US giant Campbell Soup Co. has raised its full-year revenue forecast after favourable second-quarter results that revealed sales in its snacks division had risen by 15% year-on-year.
Campbell is now expecting full-year fiscal 2023 net sales to be up 8.5-10% over the previous year, to US$8.56bn, against previous guidance of an increase of 7-9%.
Speaking to analysts yesterday (8 March) after the release of three-month figures to 29 January, CEO Mark Clouse said: “In Q2, we had the strongest share growth in both cookie cracker and salty snacks among all major branded players, even more impressive as we are among the very few who compete in both of these critical categories. Although benefiting from pricing, we also drove favourable volume mix. One additional important note is the snacks margin also improved, while increasing investment by 19% on marketing and selling.”
The performance of its snacks division – driven by US consumers’ appetite for cookies and crackers – was a major contributor to Campbell reporting net sales for the quarter of $2.48bn, up 12% on the same period a year earlier. EBIT was 8% higher $350m.
Over the half-year period, net sales were up 14% and EBIT 12%.
Aside from Campbell benefitting from the performance of its snack brands, which include Goldfish crackers and Cape Cod crisps, Clouse suggested the results “reflect the strength of our strategic actions over the last few years” and were “supported by favourable inflation-driven net price realisation and strong consumer demand for our brands”.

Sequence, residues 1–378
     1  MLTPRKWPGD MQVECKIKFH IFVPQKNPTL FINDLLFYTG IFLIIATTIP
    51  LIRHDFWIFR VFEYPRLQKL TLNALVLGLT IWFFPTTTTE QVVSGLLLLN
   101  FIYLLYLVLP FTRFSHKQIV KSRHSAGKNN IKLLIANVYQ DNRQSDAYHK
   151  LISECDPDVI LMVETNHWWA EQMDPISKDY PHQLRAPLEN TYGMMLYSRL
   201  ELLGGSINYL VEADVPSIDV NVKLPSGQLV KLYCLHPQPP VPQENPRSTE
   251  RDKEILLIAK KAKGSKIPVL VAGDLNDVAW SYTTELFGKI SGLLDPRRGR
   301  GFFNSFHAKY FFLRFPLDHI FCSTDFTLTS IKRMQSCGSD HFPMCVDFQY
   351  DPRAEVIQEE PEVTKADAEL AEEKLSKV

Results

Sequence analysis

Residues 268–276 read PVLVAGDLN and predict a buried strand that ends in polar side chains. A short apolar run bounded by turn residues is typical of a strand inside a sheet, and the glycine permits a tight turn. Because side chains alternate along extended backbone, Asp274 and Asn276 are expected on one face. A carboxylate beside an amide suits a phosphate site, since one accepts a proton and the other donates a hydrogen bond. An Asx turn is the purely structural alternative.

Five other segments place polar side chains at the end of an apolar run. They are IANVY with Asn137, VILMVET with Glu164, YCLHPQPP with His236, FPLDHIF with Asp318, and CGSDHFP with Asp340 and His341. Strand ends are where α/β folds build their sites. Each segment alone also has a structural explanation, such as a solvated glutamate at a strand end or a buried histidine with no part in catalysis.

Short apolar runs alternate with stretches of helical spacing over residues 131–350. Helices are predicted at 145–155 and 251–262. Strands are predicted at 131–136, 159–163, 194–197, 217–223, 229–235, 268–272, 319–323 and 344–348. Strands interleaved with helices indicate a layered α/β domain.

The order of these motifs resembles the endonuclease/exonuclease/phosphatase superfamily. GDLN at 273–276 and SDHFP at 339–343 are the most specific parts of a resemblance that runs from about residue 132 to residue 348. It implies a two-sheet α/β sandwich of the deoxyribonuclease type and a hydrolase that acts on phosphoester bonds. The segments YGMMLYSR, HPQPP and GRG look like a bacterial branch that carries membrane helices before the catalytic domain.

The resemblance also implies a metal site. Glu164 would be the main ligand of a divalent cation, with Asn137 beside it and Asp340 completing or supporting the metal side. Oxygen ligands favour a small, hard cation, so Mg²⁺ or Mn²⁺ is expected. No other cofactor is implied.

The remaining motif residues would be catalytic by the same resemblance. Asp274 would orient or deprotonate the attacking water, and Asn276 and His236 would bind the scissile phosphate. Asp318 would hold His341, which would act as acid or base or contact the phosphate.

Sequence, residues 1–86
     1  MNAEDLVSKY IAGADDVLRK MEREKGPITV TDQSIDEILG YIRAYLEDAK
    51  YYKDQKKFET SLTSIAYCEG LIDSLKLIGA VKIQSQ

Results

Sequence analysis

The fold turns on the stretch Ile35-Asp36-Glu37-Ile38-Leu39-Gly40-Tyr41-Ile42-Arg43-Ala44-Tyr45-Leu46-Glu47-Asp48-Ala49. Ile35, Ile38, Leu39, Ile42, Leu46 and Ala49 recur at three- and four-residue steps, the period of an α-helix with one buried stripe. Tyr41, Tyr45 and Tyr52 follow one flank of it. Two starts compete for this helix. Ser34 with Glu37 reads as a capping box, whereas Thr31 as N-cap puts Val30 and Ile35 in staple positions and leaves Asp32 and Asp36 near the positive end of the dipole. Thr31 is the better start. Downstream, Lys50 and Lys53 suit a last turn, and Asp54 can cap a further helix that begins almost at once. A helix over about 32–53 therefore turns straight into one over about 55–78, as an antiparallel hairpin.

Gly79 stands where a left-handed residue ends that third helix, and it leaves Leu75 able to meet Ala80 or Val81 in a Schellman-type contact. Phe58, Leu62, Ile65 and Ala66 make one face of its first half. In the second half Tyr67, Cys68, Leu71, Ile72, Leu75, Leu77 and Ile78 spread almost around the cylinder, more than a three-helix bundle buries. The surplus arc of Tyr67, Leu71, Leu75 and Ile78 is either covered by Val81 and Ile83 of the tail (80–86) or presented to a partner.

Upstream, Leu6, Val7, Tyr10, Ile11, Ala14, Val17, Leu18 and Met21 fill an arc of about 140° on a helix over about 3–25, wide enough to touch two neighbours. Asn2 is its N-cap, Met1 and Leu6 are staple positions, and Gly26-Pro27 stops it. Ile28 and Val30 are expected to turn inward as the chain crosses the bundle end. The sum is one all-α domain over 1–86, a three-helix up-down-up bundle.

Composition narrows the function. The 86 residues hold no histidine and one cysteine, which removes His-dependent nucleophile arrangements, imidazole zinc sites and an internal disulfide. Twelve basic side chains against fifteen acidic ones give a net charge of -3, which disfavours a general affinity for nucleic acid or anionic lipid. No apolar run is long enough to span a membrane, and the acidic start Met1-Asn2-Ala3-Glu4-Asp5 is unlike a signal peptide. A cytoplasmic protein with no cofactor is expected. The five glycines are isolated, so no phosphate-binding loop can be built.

He added: “We have also successfully navigated the dynamic economic environment, using a variety of levers to mitigate inflation, including targeted pricing, cost savings initiatives and productivity improvements and we’ve managed well below historical levels of elasticity as volume/mix declines remain modest.”
However, in a nod to competition from lower-price private-label products, Clouse said Campbell remains “highly vigilant of price gaps on key brands and is closely monitoring elasticities”.
He added: “In places where we are experiencing higher impacts from competition or slower category trends, like condensed super broth, we’re taking appropriate and pragmatic actions to continue to remain competitive and drive sustained profitable growth.”
Asked by an analyst about the competition it is facing in the soup category, Clouse said: “[These] are really important competitive battles that we see critical to winning. And so far, we feel very good about how we’re performing in those spaces.”
Newly-installed CFO Carrie Anderson told analysts Campbell expects “core inflation” to moderate through the year.
“We did see some improvement as we were from Q1 to Q2 in a few categories that attenuated like flour, resins, meat and steel and even some of the transportation costs,” she said.
“As I think about the second half of the year, I would anticipate that [we will be] in that 10% to 11% range on inflation.”
In January, Campbell set out plans to close two snacks division office locations.
Campbell’s decision to close the offices in North Carolina and Connecticut is part of a plan to consolidate activities at its headquarters in Camden, New Jersey. Affected staff will be given the opportunity to relocate. The company said it is to invest US$50m into its headquarters over the next three years to “enhance” the facilities.